Where possible maintain and adapt existing international institu- tions (including the IMF, World Bank, and UN): Where new organi- zations are needed to address new challenges, the United States may have to rely on coalitions of the willing but should also remain open to the use, adaptation, or creation of specialized agencies to deal with major transnational problems so long as US interests are protected through appropriate processes and voting arrangements. The third general orienting principle that follows from threat uncer- tainty is that we must focus on the development of capabilities that can be deployed against multiple threats sequentially and simultane- ously. Reinvigorating the international order is not enough. The United States must also invest in developing creative, targeted, unilateral pol- icy levers to advance American interests when necessary. Today we face a growing array of asymmetrical threats, from China’s high-tech hacking and threats to US space-based commercial, military, and intel- ligence satellites, to low-tech IED attacks on US forces in Afghanistan. This landscape demands that the United States develop more agile mil- itary capabilities and more robust non-military levers to advance our vital interests since the United States, no matter how powerful, cannot protect itself against every hazard, everywhere, under every contin- gency, in a world where large destructive capabilities rest in the hands of small, otherwise weak actors. Smarter spending measures imply realigning US intelligence and defense expenditures, investing much more heavily in developing large quantities of sophisticated, lower-cost unmanned systems (surveillance and strike), as well as cyber capabili- ties, and moving away from a dependence on large, limited-capability, expensive weapons platforms such as the F-35 Joint Strike Fighter. Despite widespread bipartisan calls for greater innovation and acqui- sition reform, resistance remains strong. Without a major commitment to reform, the United States will continue to fund expensive, inflex- ible, large platform systems that are ill-suited for tomorrow’s threat environment. The United States has developed over the last several decades a number of new and imaginative targeted policy levers such as financial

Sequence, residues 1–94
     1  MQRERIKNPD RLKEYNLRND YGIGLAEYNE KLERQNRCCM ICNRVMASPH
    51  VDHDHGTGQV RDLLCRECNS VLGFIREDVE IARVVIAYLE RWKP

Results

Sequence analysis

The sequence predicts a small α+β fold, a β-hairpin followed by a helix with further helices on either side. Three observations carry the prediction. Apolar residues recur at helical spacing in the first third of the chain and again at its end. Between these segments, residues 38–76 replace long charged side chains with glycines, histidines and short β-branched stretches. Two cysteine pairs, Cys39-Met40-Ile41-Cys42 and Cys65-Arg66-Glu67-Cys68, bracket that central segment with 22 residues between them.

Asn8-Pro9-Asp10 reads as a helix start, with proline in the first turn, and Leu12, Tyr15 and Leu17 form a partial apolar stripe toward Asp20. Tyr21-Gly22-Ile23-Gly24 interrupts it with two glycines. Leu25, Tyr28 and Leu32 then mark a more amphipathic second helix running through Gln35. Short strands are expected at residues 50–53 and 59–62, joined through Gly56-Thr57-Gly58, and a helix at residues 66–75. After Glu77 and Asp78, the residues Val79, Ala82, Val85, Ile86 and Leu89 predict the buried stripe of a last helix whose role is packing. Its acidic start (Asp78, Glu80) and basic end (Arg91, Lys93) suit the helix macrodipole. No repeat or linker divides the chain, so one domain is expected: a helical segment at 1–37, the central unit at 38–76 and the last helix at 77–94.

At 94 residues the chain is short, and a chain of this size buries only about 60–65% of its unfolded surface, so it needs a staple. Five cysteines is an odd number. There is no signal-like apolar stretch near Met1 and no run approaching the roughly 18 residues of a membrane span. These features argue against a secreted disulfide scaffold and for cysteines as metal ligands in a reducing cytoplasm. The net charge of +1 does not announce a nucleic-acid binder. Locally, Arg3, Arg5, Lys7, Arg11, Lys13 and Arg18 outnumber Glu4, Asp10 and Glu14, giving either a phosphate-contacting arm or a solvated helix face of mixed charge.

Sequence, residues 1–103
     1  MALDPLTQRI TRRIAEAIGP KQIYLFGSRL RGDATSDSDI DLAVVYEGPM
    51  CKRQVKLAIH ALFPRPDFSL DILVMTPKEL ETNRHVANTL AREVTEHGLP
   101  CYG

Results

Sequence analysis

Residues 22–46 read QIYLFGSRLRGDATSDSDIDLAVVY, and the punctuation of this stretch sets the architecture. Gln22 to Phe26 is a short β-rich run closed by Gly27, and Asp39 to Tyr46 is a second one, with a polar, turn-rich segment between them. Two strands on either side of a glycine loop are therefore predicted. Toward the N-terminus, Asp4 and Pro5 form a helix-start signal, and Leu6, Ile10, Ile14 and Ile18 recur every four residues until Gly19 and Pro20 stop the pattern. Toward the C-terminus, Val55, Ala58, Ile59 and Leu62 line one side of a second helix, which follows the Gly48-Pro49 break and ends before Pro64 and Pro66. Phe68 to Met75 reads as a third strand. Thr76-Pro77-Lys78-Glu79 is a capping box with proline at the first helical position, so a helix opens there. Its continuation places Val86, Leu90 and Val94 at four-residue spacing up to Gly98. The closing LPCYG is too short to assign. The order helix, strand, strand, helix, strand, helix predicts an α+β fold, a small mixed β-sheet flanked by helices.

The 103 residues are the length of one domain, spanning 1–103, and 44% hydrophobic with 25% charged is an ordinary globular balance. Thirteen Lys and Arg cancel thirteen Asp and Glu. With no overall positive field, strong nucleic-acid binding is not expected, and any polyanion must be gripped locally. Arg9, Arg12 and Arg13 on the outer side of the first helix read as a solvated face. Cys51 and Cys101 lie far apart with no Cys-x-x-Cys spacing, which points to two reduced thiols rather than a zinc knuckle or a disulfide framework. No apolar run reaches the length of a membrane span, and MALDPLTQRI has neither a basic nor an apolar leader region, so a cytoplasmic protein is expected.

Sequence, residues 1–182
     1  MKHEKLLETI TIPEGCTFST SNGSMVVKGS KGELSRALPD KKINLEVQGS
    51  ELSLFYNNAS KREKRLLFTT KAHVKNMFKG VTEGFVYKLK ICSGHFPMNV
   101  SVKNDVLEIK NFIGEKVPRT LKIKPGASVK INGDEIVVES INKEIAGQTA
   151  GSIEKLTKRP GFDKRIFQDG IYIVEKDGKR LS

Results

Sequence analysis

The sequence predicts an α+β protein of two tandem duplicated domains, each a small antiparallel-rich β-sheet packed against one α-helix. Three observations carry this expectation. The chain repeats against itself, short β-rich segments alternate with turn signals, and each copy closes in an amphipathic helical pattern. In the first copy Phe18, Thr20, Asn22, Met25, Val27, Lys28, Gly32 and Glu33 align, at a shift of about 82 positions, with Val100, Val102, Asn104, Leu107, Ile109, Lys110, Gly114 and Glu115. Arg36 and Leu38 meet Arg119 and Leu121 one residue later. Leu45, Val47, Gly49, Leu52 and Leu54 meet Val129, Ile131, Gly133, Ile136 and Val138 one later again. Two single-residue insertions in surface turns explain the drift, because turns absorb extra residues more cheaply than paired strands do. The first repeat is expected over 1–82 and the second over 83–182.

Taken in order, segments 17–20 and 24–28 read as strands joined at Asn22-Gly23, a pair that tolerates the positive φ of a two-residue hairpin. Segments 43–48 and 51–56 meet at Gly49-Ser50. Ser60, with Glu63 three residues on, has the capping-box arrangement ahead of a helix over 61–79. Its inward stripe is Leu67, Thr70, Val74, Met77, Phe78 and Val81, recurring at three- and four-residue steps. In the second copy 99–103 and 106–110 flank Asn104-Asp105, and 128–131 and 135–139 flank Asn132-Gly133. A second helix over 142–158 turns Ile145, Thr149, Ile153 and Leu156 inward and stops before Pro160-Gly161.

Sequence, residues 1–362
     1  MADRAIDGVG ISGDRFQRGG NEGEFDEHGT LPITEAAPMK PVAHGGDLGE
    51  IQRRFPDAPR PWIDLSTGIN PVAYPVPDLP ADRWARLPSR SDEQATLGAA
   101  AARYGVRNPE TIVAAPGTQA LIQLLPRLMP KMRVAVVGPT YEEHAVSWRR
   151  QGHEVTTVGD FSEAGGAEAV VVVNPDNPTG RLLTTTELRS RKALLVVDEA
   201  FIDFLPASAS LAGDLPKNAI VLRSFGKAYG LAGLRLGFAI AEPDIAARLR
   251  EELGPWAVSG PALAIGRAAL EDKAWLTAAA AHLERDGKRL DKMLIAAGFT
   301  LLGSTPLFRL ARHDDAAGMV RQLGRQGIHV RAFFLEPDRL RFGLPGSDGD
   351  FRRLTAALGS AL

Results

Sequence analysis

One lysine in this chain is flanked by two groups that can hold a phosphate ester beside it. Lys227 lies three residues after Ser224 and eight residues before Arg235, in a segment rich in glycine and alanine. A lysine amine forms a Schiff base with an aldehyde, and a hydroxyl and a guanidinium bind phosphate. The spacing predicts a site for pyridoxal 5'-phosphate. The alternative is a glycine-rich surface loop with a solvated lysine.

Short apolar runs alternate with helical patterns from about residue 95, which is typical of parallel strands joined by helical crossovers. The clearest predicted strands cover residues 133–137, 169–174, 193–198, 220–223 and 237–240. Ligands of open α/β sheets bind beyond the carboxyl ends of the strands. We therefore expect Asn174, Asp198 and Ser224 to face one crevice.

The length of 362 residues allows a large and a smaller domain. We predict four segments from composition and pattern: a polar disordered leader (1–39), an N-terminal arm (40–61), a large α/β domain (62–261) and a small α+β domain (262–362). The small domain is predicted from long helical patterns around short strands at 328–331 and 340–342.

Copyright © 2015 by the Board of Trustees of the Leland Stanford Junior University. All rights reserved.

INTRODUCTION | 19

THIS IS AN UNCORRECTED PROOF BEING DISTRIBUTED FOR PROMOTIONAL PURPOSES AND REVIEW. DO NOT QUOTE WITHOUT FIRST CHECKING AGAINST THE FINISHED BOOK.